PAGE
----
An Evening with Maya Angelou
By Ioana Patringenaru | May 1, 2006
|Maya Angelou Speaks
||8 p.m., Saturday
May 6, 2006
(Limited student tickets are available for $10.)
Maya Angelou, renowned poet, author and activist, will speak Saturday at UCSD about her work, her life and her times.
Angelou’s talk will take place at 8 p.m. at the RIMAC Arena. It is sponsored by AS Programming and the Office of Diversity at UCSD, both divisions of ASUCSD and the Student Life department.
Angelou, whose real name is Marguerite Johnson, was born in 1928 in St. Louis and grew up in segregated rural Arkansas. She later lived with a South African freedom fighter in Cairo, where she was editor of the Arab Observer, the only English-language news weekly in the Middle East. In Ghana, she was feature editor of the African Review and taught at the University of Ghana. She later returned to the United States, where she became the northern coordinator for the Southern Christian Leadership Conference at the request of Dr. Martin Luther King Jr.
Her best-selling memoir, “I Know Why the Caged Bird Sings,” was published in 1970 and quickly earned a top stop on the bestsellers’ list. The book chronicles her life up until age 16, ending with the birth of her son, Guy.
Since then, Angelou has authored 12 best selling books and many magazine articles, which earned her Pulitzer Prize and National Book Award nominations. Angelou also lectures here and abroad. She speaks French, Spanish, Italian and West African Fanti. In 1993, she became the second poet in U.S. history to write and recite original work at a Presidential Inauguration.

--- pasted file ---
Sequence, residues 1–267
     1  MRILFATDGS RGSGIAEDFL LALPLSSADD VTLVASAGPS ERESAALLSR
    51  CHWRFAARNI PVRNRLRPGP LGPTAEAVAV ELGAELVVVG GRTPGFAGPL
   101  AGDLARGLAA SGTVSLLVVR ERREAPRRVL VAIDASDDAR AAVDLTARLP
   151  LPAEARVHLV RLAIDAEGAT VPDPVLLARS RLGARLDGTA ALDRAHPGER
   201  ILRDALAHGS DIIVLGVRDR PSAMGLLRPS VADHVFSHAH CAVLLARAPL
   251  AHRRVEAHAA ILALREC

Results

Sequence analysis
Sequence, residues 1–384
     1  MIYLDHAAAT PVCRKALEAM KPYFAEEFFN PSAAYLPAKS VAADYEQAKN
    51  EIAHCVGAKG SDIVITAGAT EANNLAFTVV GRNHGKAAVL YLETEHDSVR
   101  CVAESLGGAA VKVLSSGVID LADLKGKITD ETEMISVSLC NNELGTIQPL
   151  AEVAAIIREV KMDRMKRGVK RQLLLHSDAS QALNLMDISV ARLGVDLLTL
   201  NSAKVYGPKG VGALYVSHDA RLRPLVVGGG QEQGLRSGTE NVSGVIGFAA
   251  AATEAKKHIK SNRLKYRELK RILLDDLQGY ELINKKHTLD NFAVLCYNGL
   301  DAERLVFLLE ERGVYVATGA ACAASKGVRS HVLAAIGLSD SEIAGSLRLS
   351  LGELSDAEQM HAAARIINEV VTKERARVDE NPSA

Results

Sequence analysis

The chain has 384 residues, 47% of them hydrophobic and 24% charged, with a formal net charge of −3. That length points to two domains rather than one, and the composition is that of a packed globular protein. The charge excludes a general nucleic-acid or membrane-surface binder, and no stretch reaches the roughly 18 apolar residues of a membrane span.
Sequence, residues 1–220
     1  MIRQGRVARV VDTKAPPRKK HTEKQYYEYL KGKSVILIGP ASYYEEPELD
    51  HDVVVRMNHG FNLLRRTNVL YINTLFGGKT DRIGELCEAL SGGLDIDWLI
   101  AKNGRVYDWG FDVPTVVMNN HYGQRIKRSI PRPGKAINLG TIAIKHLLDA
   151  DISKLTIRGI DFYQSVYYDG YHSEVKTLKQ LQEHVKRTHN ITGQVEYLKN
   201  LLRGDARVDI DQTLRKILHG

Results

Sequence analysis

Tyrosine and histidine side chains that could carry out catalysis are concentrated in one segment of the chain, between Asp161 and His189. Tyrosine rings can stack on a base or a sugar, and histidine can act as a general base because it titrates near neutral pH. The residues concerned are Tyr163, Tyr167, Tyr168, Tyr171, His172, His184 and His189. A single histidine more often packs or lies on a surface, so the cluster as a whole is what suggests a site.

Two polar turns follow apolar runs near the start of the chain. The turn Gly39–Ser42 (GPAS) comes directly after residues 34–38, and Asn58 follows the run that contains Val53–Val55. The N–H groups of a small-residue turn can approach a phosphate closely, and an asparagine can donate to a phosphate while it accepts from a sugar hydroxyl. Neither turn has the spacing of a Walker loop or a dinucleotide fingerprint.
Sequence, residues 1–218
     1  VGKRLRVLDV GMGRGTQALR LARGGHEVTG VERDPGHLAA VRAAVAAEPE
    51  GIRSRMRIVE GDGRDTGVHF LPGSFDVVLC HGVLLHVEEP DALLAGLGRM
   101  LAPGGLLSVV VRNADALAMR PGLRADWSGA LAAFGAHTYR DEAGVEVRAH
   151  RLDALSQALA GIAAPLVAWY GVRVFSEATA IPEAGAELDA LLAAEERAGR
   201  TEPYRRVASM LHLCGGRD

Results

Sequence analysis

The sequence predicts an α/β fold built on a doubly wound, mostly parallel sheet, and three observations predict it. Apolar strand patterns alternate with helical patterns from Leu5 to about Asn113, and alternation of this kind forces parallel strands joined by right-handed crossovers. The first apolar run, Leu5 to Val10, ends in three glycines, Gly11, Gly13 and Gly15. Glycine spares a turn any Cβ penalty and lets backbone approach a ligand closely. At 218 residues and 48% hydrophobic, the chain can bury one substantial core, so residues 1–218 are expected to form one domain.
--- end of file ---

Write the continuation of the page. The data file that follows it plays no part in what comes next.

She has written and produced several prize-winning documentaries, including “Afro-American in the Arts,” a PBS special, for which she received the Golden Eagle Award. She also was nominated for an Emmy Award for her acting in “Roots.” In theater, she produced, directed and starred off-Broadway in “Cabaret for Freedom” in collaboration with Godfrey Cambridge, starred in Genet's “The Blacks” at St Mark's Playhouse and adapted Sophocles’ “Ajax,” which premiered in Los Angeles in 1974.
Angelou also has received numerous honorary degrees. She became a lifetime member of the National Women’s Hall of Fame in 2002 and earned a National Medal of Arts in 2000.